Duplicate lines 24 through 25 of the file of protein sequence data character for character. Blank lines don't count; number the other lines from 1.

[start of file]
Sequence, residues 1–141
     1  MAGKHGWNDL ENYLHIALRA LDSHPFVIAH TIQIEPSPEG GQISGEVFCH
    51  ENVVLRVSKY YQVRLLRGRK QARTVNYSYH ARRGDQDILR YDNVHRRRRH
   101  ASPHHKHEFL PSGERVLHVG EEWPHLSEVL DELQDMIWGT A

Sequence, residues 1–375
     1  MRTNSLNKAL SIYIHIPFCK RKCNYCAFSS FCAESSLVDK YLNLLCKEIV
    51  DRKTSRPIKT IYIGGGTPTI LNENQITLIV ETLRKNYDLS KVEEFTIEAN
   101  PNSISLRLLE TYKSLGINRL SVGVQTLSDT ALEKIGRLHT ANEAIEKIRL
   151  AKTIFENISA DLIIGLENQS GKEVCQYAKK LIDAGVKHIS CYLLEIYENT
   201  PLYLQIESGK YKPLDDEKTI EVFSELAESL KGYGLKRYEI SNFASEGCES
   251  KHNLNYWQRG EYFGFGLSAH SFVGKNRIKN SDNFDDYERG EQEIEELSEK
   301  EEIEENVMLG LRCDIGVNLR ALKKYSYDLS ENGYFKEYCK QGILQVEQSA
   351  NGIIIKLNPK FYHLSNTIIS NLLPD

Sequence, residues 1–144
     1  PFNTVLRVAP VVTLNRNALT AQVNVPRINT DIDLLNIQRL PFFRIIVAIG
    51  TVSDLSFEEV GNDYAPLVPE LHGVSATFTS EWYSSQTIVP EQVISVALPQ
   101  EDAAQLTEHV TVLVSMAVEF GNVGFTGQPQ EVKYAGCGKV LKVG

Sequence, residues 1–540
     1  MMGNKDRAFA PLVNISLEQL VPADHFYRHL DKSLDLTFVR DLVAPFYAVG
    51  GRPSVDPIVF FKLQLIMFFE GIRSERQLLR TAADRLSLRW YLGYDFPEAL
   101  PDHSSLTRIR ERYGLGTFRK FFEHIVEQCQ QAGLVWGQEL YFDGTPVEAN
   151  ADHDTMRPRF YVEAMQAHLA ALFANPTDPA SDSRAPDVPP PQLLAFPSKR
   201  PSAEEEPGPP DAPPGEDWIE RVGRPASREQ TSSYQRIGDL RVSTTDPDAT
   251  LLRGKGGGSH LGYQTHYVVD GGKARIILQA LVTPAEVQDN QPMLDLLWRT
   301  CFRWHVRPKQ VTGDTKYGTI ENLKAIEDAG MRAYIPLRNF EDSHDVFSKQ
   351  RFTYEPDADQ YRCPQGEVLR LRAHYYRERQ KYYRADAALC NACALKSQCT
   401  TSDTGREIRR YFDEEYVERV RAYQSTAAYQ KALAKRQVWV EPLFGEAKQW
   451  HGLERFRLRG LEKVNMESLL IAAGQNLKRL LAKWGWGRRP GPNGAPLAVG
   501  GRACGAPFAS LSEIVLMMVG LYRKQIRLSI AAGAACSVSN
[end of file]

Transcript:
   251  LLRGKGGGSH LGYQTHYVVD GGKARIILQA LVTPAEVQDN QPMLDLLWRT
   301  CFRWHVRPKQ VTGDTKYGTI ENLKAIEDAG MRAYIPLRNF EDSHDVFSKQ